This article was published in 2005, in Newsletter 60.
Cycling always ends in parking, and if your destination is a train station, parking can be a right performance.
Conditions were perfect this morning for cycling. It was a joy to hop on my bike and cycle the short 15 minute journey through the back streets of Cambridge to the station. So why, then, was I experiencing an all-too-familiar sinking feeling, accompanied by a slight, but definite, tightening of my jaw muscles?
Parking – that’s why. The thought of navigating my way through the tangle of obstacles in the station’s cycle park was enough to make me wish I had never sold my car – and that’s just hacking your way into the park. I haven’t even considered finding a space yet. That’s when swear words start to find their way out of my mouth, despite the vice-like jaw set.
There is an alternative, of course: I could take my bike with me. Now there’s a thought – my jaw muscles start to relax and a faint smile almost graces my lips. It doesn’t last long though. The reason is Audley End train station’s bike parking facilities. Not quite the obstacle course that is Cambridge, but still not ideal.
It’s wonderful that there are cycle parking facilities at most of our rail stations, but their condition and capacity, at least at these two stations, is shameful. At Cambridge, the main cycle park resembles a rubbish tip. It is covered in litter, weeds look set to take over, and rusty, broken bikes are taking root. And if you arrive later than about 8.15am, the only available racks are the ‘for hire’ ones.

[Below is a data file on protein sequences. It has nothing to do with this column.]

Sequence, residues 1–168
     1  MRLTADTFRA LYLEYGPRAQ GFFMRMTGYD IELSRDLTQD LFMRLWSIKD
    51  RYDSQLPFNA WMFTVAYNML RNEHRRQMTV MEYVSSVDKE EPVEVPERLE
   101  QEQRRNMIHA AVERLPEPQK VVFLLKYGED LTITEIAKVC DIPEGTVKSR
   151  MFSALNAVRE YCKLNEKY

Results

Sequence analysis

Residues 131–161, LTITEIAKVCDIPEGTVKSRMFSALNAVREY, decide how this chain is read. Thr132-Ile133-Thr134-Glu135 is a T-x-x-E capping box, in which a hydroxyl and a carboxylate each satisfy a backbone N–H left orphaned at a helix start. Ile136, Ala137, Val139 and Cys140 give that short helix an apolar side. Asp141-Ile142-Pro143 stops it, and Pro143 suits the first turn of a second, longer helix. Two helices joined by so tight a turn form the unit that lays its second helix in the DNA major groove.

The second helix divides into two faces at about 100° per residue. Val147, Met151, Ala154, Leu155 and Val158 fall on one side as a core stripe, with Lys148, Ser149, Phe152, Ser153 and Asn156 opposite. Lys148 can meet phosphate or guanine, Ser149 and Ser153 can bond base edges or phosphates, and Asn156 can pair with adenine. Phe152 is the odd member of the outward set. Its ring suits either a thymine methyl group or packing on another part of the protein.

My alternative parking, at Audley End, doesn’t suffer from the same set of problems, but the picture is not that much prettier. There are two parking areas, one on each platform. The Platform 1 area is always full by the time I get there, 8.40ish. The racks on Platform 2 look very inviting, but to get there I have to carry my bike over the footbridge, which is not the easiest thing if my panniers are fully loaded. And once I’m there the racks are not inviting in the least, as they are broken and rusty. I’ve long since given up trying to use these racks properly; now I just settle for any secure locking solution.
It’s disheartening. The prospect of parking at either station casts a rusty shadow over my journey to work, and it makes me angry. I guess it’s my equivalent of road rage. As a nation, we are being encouraged to use sustainable transport, and some of us are trying, but we’re finding it a trying experience.